|Carrots (Daucus Carota)
The carrot is a biennial plant which in its first year grows and stores energy in its tap root, which it then releases when it flowers in the second year. We actually eat that root, which is white not orange, in wild carrots. Carrots grow best in sandy soils like the ours at Bagthorpe, when their roots can easily tap into the soils nutrients.
Again like our potatoes we grow an early variety of carrots, typically ‘Nairobi’ which we aim to harvest around the end of June. Maincrops varieties we grow include Chantenay which are smaller, pointy and sweeter than your usual carrot.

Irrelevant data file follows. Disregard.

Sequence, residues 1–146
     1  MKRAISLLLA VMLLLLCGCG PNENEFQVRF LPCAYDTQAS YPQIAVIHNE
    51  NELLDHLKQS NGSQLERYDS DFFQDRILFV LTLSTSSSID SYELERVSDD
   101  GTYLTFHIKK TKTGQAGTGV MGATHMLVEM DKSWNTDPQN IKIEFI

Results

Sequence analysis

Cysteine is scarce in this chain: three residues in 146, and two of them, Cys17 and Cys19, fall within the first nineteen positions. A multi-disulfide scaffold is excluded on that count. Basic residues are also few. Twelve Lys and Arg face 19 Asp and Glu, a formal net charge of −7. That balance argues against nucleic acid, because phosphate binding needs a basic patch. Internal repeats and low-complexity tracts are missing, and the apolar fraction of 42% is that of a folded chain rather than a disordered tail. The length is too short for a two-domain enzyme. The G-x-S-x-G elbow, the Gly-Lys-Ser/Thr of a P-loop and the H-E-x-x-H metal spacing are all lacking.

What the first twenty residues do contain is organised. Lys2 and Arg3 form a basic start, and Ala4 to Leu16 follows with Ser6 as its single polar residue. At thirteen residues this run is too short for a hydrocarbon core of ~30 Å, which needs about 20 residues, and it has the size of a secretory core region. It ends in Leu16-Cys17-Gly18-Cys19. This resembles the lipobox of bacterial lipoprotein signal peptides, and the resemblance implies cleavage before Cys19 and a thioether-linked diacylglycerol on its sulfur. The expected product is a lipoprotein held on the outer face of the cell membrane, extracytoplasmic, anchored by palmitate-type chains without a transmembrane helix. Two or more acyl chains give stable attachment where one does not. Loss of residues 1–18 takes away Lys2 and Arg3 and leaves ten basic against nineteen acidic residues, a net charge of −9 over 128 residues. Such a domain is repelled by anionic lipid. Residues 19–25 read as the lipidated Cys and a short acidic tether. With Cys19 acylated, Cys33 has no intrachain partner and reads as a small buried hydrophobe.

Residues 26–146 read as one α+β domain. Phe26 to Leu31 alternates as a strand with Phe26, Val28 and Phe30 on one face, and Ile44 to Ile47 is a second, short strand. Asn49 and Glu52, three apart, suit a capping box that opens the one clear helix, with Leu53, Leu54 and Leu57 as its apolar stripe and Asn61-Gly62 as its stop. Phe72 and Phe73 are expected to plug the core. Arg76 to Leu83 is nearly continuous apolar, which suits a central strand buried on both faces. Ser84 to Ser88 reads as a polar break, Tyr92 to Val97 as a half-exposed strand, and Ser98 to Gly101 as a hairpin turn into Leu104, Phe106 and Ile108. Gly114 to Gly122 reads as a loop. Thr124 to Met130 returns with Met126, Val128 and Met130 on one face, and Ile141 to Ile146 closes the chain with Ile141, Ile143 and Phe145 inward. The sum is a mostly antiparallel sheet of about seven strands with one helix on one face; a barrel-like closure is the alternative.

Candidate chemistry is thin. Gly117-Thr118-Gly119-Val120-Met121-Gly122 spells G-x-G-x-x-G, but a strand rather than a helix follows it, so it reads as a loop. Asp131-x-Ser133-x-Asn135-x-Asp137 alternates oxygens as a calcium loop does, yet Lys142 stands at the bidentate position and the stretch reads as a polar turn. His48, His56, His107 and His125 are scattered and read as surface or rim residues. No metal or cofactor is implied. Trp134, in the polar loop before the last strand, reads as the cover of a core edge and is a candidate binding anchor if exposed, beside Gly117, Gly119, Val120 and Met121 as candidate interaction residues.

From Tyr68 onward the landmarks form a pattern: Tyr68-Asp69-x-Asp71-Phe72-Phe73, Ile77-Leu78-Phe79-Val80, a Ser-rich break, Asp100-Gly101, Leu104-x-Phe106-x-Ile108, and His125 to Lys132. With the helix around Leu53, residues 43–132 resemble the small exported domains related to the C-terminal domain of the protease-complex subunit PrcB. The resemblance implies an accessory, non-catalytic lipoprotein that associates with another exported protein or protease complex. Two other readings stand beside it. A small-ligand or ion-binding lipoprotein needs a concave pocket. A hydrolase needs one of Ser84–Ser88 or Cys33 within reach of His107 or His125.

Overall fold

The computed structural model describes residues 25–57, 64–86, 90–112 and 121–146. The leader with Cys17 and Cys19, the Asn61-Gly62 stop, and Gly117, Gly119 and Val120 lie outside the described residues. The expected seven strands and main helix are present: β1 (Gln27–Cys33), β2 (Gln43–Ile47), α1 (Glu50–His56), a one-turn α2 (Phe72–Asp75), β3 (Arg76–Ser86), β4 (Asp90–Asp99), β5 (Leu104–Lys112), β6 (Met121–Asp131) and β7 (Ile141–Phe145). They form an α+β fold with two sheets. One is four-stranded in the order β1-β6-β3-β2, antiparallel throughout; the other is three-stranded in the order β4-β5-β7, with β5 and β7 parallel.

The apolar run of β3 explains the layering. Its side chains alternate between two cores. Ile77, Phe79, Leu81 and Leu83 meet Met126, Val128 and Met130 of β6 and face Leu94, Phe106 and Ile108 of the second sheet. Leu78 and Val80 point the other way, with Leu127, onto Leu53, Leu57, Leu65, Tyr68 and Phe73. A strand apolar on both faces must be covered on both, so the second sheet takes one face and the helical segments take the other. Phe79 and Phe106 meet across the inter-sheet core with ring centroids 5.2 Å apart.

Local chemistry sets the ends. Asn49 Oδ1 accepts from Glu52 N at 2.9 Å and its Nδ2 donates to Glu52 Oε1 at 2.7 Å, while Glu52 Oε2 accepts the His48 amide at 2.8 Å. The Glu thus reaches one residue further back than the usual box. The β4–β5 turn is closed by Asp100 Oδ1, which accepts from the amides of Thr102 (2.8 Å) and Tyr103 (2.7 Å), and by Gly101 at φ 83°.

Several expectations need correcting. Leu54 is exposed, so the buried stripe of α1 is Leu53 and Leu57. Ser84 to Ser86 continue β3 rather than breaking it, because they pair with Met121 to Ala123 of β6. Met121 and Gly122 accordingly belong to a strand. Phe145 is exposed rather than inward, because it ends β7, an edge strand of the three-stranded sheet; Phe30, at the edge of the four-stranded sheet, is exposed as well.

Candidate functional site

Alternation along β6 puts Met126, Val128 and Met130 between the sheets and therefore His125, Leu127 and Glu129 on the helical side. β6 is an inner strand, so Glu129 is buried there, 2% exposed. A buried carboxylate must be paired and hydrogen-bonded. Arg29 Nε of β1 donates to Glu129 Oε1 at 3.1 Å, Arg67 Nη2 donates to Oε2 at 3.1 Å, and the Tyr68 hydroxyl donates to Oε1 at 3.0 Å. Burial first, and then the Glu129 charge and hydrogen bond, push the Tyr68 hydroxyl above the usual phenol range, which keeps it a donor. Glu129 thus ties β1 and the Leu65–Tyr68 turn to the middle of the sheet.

Carrots were certainly grown by in Roman times and Wild Carrots with red of purple roots are still found in Afghanistan. Yellow carrots were first recorded in Turkey in the 10th century and grown in the rest of Europe, until the 17th Century when the orange carrot was developed in Holland. Perhaps that is why the Dutch have a bright orange football strip?
Carrots contain carotene which is metabolised into Vitamin A when consumed by us. They are also rich in anti-oxidants and minerals.
Did you know?
Contrary to popular belief carrots do not make you see in the dark. This myth was propagated in World War II by British Gunners who were able to shoot down German planes in the darkness of night during the Battle of Britain. The RAF claimed this was due to eating large amounts of carrots. Lack of Vitamin A can cause poor vision, and this can be restored by Vitamin A, ie eating carrots, however improved night-time vision is not a claim we can make today.